Episode 127 – The Hell Creek Formation

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In the Upper Great Plains of the United States is a series of ancient sediments that have for more than a century been a premier source of information on the very end of the Age of Dinosaurs. This episode, we discuss the history, science, and significance of the Hell Creek Formation.

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The Latest Days of the Mesozoic

The Hell Creek Formation is a geologic formation (that is, a distinct layer of rock representing a particular time and environment) which comprises the last 1-2 million years of the Cretaceous Period – the end of the “Age of Dinosaurs.”

Map showing the extent of the Hell Creek Formation (and its sister, the Lance Formation). Hell Creek is exposed in Montana, North Dakota, and South Dakota, across an area known as the Williston Basin. Similar-aged formations are also found in Wyoming, Colorado, Alberta, and Saskatchewan. Image from Fowler, 2020.

The formation is named after a stream called Hell Creek in Montana. It was in the valley of Hell Creek that famed fossil hunter Barnum Brown became the first to formally study what he named the “Hell Creek beds.” When he first visited the valley in 1902, he found fossils of plants, invertebrates, and vertebrates, including the fossils that would go on to become the first official record of Tyrannosaurus rex.

Over the years, the Hell Creek Formation has become one of the best places in the world to study the end of the Mesozoic Era. The formation is rich in fossils, especially dinosaurs, making it a great place to research dinosaur evolution and ecosystem structure. Hell Creek is also one of the premier places to explore the end-Cretaceous mass extinction – in some places, the Hell Creek Formation sits directly underneath the famous K-Pg boundary, with its ample evidence of asteroid impact – and quite a lot of research in this region has been devoted to studying patterns of evolution and extinction before, during, and after the extinction event.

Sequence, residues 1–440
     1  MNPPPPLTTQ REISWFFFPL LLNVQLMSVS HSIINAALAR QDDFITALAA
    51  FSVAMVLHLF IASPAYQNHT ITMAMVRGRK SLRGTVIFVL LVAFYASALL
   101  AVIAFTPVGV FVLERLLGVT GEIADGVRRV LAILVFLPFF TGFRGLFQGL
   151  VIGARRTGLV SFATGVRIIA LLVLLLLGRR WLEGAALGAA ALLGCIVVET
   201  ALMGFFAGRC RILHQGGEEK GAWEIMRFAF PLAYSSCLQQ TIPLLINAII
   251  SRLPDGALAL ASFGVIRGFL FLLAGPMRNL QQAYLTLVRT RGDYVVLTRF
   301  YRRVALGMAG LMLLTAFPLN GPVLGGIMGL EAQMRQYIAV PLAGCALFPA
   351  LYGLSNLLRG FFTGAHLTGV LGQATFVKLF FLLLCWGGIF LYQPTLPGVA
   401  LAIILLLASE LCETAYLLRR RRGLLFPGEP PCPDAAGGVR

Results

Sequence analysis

Hell Creek State Park in Montana. You can see the beautiful exposed geologic layers. There’s fossils in them hills!
Image by Vladimír Socha, CC BY-SA 4.0

Hell Creek in its Day

The Hell Creek Formation mostly consists of siltstones, mudstones, and sandstones that represent an ancient flat plain crossed by many rivers. These rivers ran west to east, originating from the early Rocky Mountains to the west and emptying into the Western Interior Seaway in the east. The finer sediments were generally deposited on the floodplain during high water levels, and sandstone channels mark the positions of the ancient rivers themselves.

During the latest Cretaceous, between 66-67 million years ago or so, this plain was home to an evergreen woodland with a lush plant community including abundant flowering plants alongside conifers, ferns, and others. Animal fossils from Hell Creek reveal a diverse ecosystem of freshwater invertebrates, insects, fish, amphibians, reptiles, mammals, and of course, dinosaurs, including some of the most famous dinosaurs of all.

A small sample of Hell Creek Formation reptiles.
Image by Durbed, CC BY-SA 3.0

Learn More

Some recent Hell Creek discoveries and studies include the giant dromaeosaur Dakotaraptor, analysis of Triceratops evolution, research on primate ancestors, and massive mosasaurs in the nearby seaway, just to name a few.

The Tanis Site in North Dakota is a section of the Hell Creek Formation that might preserve the day of the end-Cretaceous asteroid impact.

Saurian is a survival-simulation game that features an impressive recreation of the Hell Creek ecosystem.

The Hell Creek Formation and its Contribution to the Cretaceous-Paleogene extinction (technical, paywall)

If you enjoyed this topic and want more like it, check out these related episodes:

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